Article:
We believe the key to finding viable treatments for Usher syndrome is the development of a strong Usher syndrome community, our #USHFamily.
Participating in USH events helps our community grow. Just bookmark this page and check back often for the latest programs and events.
Usher syndrome is the most common form of hereditary deaf-blindness. A broad alliance of institutions presents the 4th International Scientific Symposium on Usher Syndrome and the International Patient Symposium (10th Annual USH Connections Conference) at the Johannes Gutenberg University of Mainz, Germany.
The International Symposium on Usher Syndrome will convene at the Atrium Hotel Conference Centre, Mainz on July 19-20, 2018, bringing together the world’s leading experts from different fields of research (diagnostics, genetics, therapy, structural, molecular and cell biology) to present the latest developments in Usher syndrome. The 2-day research symposium will enable the exchange of ideas and knowledge among scientists, clinicians and geneticists in order to facilitate novel research and insights in therapeutic strategies for Usher syndrome.
The International Patient Symposium (USH Connections Conference) will convene on July 21, 2018, bringing together professionals with those affected by Usher syndrome around the world. Experts will provide summaries of the scientific symposium in layman’s terms and highlight the progress in therapeutic options. Psychological aspects and healthcare issues will be discussed from a patient’s point of view.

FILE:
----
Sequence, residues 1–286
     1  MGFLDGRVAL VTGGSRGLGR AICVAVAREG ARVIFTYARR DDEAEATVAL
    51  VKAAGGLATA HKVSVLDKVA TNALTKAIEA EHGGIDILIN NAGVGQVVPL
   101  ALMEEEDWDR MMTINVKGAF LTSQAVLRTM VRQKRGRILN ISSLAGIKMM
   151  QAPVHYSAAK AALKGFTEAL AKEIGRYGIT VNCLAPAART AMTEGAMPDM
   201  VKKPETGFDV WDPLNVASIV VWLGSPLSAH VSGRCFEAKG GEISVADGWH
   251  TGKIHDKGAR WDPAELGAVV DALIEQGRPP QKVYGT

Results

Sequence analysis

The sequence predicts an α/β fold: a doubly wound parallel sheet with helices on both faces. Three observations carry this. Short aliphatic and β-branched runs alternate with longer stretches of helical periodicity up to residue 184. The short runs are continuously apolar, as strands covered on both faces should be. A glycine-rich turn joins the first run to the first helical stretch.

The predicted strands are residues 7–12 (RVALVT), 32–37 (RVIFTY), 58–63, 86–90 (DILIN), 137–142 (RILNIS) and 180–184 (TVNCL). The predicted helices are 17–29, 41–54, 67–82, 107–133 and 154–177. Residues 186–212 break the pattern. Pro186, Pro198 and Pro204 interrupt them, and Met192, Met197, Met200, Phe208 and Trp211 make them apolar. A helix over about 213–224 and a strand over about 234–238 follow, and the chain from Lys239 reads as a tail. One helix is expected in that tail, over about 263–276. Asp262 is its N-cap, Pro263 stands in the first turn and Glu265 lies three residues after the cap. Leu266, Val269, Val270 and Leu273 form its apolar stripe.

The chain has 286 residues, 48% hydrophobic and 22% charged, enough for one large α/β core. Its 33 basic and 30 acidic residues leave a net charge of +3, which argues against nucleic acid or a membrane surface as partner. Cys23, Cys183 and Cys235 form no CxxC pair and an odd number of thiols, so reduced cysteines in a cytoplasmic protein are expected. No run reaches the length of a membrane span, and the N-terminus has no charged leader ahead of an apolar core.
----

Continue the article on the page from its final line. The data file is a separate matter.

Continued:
Registration and more details: www.ush2018.org
Early Bird Registration Deadline: March 31, 2018
The autumnal equinox marks the start of days that contain more darkness than light. It is a great metaphor for the threat of Usher syndrome. We want to Own the Equinox, claiming the third Saturday in September as Usher syndrome awareness day. But to do so, we need your help. We want this to be a worldwide event that starts on one side of the world (we're looking at you, Australia) and runs around the globe to the farthest point before the international date line (that’s your cue, Alaska).